Story by Scott Snyder (@Ssnyder1835)
Art by Jeff Lemire (@JeffLemire)
Review by Hernan Guarderas (@hguarderas93)
Everyone knows Scott Snyder for his comic book writing on Batman, Wytches, The Wake, and other properties, but he is no stranger to prose. He started his writing career in literature with his short story collection “Voodoo Heart” exploring characters dealing with loss, sometimes at their own hand. His characters are tragically flawed and their attempts to free themselves of their Achilles’ Heel always has them falling victim to it.
AD: After Death is a story about how death is no longer a part of the human condition. Snyder is employing his literary skills by combining them with graphic narrative and visual storytelling. Jeff Lemire, another giant of the comic book industry, is attached and both Snyder and he intend to push the boundaries of what comic books and prose can do together.
AD: After Death starts with Jonah Cooke’s first memory of a spontaneous family vacation in Florida. Snyder prefaces this memory by having Cooke write, “Someone once told me that all the clues to your life lie in your first memory.” He remembers a balloon his family followed after the vacation had fallen victim to bad weather. They capture it and call the phone number attached. When they do, his father speaks with someone from an elementary school in New York, who had a project for their students to see how far a balloon they released would travel. The prize was a children’s gaming system, but to the family’s disappointment it had already been claimed.
The anger that boils in Cooke’s father makes the next scene hard to see because in his enraged oblivion he doesn’t witness his wife collapsing or his child screaming for help. Cooke tail ends the memory by telling the reader that he often revisits this memory, but can’t pinpoint the meaning behind it before wondering what his last memory will be
Snyder’s prose allows the reader access to Cooke’s journal, giving Snyder the space to write as much as he likes, while developing his protagonist. This isn’t without purpose because Cooke’s memories and journal serve as an anchor of perspective in an extravagant sci-fi tale in which society doesn’t have mortality. Memories are important to human beings because they allow them to reevaluate and rediscover something of themselves in the constant expiration of experience. This is evident in Cooke’s continual reexamination of his very first memory.
Lemire’s art is poetic and reminiscent of Terrence Malick’s Days of Heaven. Even while drawing futuristic buildings, Lemire maintains the natural aesthetics of farmland and mountain ranges. During the memory that introduces the story, Lemire captures the sentiment and crucial image of each moment that Snyder’s prose communicates. Lemire’s watercolor use in the comic portion of AD gives the book a warmer tone that allows the reader to digest beautiful sunsets or cityscapes in the context of an advanced society or extraordinary circumstance. The watercolors work even better in Cooke’s journal because the detail of colors dripping down the page give the journal a more personalized appearance. The watercoloring for the vignettes of people, places, or things that Lemire illustrates creates a dissolving effect indicative of how memory can fade away.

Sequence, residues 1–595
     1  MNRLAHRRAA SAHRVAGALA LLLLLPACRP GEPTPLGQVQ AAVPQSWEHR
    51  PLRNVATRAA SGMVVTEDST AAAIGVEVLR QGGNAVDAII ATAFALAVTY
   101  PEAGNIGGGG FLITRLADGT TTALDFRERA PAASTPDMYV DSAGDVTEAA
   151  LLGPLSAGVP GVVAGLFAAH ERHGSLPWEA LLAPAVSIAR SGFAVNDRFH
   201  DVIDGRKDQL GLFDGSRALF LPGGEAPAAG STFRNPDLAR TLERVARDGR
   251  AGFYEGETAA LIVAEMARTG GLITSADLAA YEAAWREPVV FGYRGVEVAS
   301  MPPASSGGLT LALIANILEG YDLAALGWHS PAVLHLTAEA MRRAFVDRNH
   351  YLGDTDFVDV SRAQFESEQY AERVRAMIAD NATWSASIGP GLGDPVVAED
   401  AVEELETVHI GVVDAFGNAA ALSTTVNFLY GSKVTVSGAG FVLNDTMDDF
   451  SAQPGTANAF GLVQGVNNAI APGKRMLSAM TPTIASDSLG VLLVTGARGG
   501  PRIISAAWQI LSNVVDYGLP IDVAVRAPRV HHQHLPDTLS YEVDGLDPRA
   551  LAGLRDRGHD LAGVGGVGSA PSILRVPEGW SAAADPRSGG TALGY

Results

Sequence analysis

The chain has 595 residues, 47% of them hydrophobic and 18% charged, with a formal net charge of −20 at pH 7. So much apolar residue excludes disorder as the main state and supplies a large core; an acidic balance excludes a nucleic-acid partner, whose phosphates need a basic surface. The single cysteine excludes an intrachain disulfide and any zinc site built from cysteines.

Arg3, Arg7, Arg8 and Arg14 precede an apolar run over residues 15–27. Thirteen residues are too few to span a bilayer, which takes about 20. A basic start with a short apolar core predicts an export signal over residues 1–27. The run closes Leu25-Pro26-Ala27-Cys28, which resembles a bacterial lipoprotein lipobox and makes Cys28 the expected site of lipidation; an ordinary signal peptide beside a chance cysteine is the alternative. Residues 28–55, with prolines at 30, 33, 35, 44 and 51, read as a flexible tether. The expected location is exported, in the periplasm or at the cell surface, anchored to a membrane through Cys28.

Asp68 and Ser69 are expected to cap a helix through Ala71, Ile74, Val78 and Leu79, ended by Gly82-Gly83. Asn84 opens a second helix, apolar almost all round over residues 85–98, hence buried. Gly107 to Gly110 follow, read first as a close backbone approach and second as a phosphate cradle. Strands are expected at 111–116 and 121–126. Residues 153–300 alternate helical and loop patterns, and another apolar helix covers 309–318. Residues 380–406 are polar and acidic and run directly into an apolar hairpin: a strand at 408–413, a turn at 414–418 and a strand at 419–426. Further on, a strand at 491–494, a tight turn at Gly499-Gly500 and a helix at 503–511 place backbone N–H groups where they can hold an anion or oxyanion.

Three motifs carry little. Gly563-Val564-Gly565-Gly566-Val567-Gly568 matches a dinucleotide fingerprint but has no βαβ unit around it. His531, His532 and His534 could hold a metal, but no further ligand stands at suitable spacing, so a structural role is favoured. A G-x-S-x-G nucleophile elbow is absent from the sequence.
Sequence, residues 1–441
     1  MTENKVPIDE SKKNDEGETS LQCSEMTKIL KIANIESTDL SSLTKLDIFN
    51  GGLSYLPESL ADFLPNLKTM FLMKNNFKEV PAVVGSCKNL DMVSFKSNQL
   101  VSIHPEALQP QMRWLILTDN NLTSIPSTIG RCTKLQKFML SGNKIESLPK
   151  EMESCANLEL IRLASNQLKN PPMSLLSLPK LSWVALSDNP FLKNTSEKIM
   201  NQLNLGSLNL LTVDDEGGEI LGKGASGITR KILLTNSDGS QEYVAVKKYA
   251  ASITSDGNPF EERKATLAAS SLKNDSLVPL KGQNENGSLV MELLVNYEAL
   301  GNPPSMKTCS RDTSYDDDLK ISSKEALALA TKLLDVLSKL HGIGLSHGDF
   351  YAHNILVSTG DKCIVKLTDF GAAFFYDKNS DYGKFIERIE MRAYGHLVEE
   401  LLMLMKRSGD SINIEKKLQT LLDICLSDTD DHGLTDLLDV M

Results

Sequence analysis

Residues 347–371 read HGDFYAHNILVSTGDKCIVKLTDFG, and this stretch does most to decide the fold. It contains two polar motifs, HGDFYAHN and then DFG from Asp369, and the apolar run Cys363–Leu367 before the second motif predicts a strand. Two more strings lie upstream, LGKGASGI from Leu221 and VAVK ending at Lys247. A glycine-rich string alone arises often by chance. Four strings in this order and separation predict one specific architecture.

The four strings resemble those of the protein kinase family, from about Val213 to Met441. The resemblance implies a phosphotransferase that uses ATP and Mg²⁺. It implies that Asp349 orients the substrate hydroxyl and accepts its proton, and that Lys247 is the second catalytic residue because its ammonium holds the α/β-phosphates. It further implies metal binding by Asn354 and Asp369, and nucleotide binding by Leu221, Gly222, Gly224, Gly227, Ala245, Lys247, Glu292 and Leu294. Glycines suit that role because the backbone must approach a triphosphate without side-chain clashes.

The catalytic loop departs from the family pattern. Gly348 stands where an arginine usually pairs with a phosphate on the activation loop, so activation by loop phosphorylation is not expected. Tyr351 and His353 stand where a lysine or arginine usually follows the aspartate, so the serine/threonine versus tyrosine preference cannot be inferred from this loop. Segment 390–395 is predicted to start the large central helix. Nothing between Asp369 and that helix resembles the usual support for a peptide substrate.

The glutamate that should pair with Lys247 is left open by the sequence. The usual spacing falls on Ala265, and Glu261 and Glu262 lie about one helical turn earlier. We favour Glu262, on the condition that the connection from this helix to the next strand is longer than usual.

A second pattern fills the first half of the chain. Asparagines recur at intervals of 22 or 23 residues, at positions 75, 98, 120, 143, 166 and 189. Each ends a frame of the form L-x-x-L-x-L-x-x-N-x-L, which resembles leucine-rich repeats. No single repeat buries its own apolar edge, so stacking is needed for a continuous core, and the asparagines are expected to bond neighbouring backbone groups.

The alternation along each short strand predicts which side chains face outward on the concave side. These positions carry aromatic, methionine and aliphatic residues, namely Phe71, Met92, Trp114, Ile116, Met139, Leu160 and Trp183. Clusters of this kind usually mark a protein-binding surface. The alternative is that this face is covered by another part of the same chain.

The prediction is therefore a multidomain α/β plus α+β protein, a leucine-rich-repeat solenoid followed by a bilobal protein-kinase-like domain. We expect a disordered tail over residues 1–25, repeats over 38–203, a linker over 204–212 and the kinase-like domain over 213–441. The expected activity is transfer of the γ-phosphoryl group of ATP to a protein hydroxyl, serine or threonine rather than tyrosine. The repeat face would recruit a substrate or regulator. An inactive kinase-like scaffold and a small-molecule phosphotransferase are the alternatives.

The visceral nature of Snyder’s prose is effectively expressed through Lemire’s art because the snapshot-like nature of memory is executed on a page to page basis. One’s memory can be far reaching, but only in the still images a person can access or the transmutation of their experiences into meaning. Snyder and Lemire are portraying memory’s clear limitations.
The threat of death no longer a concern for the human condition has Snyder and Lemire meditating on what it means to be a human being. It’s a large question to tackle, but through the lens of Cooke, a self-proclaimed kleptomaniac, and his admittance of being responsible for “the way things are” it can provide readers some answers (or at the very least some more interesting questions). Humanity has been robbed of a crucial process to their existence and it’s Cooke’s fault for stealing what he writes is “the wrong thing.”
Loss is a hugely important theme of this book whether it’s Cooke’s family losing the video game system or humanity losing the ability to age and ultimately die. The book is a guilt-ridden, anxiety-inducing, melancholic tale that searches for meaning within the human experience. Snyder and Lemire take their time and it works because the characters of the book have all the time in the world. Lemire’s art can illustrate the sprawling hills and fields of the midwest because this book has the time to admire these natural beauties. Snyder does the same with his prose as he lingers on Cooke’s thoughts.
AD: After Death is a book that wanders through the mind of Jonah Cooke and the post-death era humanity has entered and existed in for the past 825 years. It’s lyrical in its art and insightful in its prose, but having those two mediums in constant flux produces an internal and external synchronization. The mystery of why people can no longer die is enticing, but the effect of this enigma on a society is the rich territory Snyder and Lemire are and will continue to explore.
Buy! It’s a three-part book with a lot to offer if you’re willing to do a little work. It’s a philosophical book that examines how a society functions when death is no longer a concern, equipped with a mystery that will keep readers engaged. It isn’t a long investment and it’s succeeding with its utilization of the two mediums. It’s a good gateway for people looking to explore books that blend prose and visual storytelling to create a more engaging and thought provoking book.